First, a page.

Still, I ponder that interstellar visitor. It’s not that I think it’s piloted by aliens, though that would be awesome, I’m more interested in the possibilities such objects could provide humanity in the future. But let’s put ʻOumuamua to one side for now and discuss a pretty nifty project that’s currently in the works and how I think it could make use of asteroids from other stars.

Asteroid Starships Ahoy!

As recently announced by the European Space Agency, researchers at Delft University of Technology, Netherlands, are designing a starship. But this isn’t your run-of-the-mill solar sail or “warpship.” The TU Delft Starship Team, or DSTART, aims to bring together many science disciplines to begin the ground-work for constructing an interstellar vehicle hollowed out of an asteroid.

Obviously, this is a long-term goal; humanity is currently having a hard enough time becoming a multiplanetary species, let alone a multistellar species. But from projects like these, new technologies may be developed to solve big problems and those technologies may have novel applications for society today. Central to ESA’s role in the project is an exciting regenerative life-support technology that is inspired by nature, a technology that could reap huge benefits not only for our future hypothetical interstellar space fliers.

Called the MELiSSA (Micro-Ecological Life Support System Alternative) program, scientists are developing a system that mimics aquatic ecosystems on Earth. A MELiSSA pilot plant in Barcelona is capable of keeping rat “crews” alive for months at a time inside an airtight habitat. Inside the habitat is a multi-compartment loop with a “bioreactor” at its core, which consists of algae that produces oxygen (useful for keeping the rats breathing) while scrubbing the air of carbon dioxide (which the rats exhale). The bioreactor was recently tested aboard the International Space Station, demonstrating that the system could be applied to a microgravity environment.

Disclaimer: Space Is Really Big

Assuming that humanity isn’t going to discover faster-than-light (FTL) travel any time soon, we’re pretty much stuck with very pedestrian sub-light-speed travel times to the nearest stars. Even if we assume some sensible iterative developments in propulsion technologies, the most optimistic projections in travel time to the stars is many decades to several centuries. While this is a drag for our biological selves, other research groups have shown that robotic (un-crewed) missions could be done now — after all, Voyager 1 is currently chalking up some mileage in interstellar space and that spacecraft was launched in the 1970’s! But here’s the kicker: Voyager 1 is slow (even if it’s the fastest and only interstellar vehicle humanity has built to date). If Voyager 1 was aimed at our closest star Proxima Centauri (which it’s not), it would take tens of thousands of years to get there.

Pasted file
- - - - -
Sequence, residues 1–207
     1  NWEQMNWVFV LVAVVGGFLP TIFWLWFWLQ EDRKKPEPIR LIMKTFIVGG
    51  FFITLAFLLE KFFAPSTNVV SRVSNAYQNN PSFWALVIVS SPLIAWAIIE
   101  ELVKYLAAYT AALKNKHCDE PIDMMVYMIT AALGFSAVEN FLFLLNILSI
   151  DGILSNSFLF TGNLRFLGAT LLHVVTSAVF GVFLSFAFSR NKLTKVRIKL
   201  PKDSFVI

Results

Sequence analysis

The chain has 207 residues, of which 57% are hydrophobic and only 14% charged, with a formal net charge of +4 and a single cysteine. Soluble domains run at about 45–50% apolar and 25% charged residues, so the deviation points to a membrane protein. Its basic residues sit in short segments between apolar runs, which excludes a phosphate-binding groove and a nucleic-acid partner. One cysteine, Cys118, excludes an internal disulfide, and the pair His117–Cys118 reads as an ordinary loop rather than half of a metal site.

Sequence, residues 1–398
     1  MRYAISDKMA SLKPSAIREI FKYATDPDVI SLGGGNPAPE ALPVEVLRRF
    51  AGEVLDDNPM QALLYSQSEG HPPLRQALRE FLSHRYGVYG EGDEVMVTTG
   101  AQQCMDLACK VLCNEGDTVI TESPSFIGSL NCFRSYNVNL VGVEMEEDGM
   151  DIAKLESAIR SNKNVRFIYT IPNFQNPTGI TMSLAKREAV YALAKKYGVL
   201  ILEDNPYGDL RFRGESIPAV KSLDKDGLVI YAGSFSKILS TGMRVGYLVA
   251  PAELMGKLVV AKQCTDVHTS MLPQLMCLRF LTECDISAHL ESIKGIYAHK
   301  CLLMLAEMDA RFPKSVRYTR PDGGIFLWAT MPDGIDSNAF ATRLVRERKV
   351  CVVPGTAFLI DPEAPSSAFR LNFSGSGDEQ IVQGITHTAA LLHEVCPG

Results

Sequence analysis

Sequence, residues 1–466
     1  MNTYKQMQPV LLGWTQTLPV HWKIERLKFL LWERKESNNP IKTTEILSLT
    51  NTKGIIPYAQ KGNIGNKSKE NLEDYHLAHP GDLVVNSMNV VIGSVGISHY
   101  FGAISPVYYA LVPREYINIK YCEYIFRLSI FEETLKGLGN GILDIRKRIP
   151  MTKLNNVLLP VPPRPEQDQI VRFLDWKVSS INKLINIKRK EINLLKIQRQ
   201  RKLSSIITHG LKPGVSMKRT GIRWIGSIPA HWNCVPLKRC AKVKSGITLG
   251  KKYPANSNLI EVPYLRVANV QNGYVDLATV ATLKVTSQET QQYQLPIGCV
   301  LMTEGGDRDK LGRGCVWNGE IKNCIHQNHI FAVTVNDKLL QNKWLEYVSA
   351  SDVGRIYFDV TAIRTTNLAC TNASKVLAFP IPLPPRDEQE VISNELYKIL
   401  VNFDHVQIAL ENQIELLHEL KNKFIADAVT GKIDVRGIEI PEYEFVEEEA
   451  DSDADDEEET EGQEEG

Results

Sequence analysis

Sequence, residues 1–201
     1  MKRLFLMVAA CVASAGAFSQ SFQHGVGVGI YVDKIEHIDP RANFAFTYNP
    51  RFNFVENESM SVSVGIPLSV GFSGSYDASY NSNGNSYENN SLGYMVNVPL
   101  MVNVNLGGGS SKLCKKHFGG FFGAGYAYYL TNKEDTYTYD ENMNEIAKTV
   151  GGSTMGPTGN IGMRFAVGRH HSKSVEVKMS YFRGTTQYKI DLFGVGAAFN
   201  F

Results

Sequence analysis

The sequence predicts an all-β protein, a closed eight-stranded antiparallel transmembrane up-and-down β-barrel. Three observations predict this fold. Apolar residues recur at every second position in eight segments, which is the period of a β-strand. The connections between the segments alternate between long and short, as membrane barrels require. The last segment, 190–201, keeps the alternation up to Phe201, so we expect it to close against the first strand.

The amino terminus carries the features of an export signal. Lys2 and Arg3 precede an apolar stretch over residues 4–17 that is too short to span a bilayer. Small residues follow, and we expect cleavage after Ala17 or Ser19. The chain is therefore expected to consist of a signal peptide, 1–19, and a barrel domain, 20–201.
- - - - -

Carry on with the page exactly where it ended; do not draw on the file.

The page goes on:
But say if we could send a faster probe into interstellar space? Projects like Icarus Interstellar and Breakthrough Starshot are approaching this challenge with different solutions, using technology we have today (or technologies that will likely be available pretty soon) to get that travel time down to less than one hundred years.

One… hundred… years.

Sending robots to other stars is hard and it would take generations of scientists to see an interstellar mission through from launch to arrival — which is an interesting situation to ponder. But add human travelers to the mix? The problems just multiplied.

The idea of “worldships” (or generation ships) have been around for many years; basically vast self-sustaining spaceships that allow their passengers to live out their lives and pass on their knowledge (and mission) to the next generation. These ships would have to be massive and contain everything that each generation needs. It’s hard to comprehend what that starship would look like, though DSTART’s concept of hollowing out an asteroid to convert it into an interstellar vehicle doesn’t sound so outlandish. To hollow out an asteroid and bootstrap a self-sustaining society inside, however, is a headache. Granted, DSTART isn’t saying that they are actually going to build this thing (their project website even states: “DSTART is not developing hardware, nor is it building an actual spacecraft”), but they do assume some magic is going to have to happen before it’s even a remote possibility — such as transformative developments in nanotechnology, for example. The life-support system, however, would need to be inspired by nature, so ESA and DSTART scientists are going to continue to help develop this technology for self-sustaining, long-duration missions, though not necessarily for a massive interstellar spaceship.

Hyperbolic Space Rocks, Batman!

Though interesting, my reservation about the whole thing is simple: even if we did build an asteroid spaceship, how the heck would we accelerate the thing? This asteroid would have to be big and probably picked out of the asteroid belt. The energy required to move it would be extreme; to propel it clear of the sun’s gravity (potentially via a series of gravitational assists of other planets) could rip it apart.

So, back to ʻOumuamua.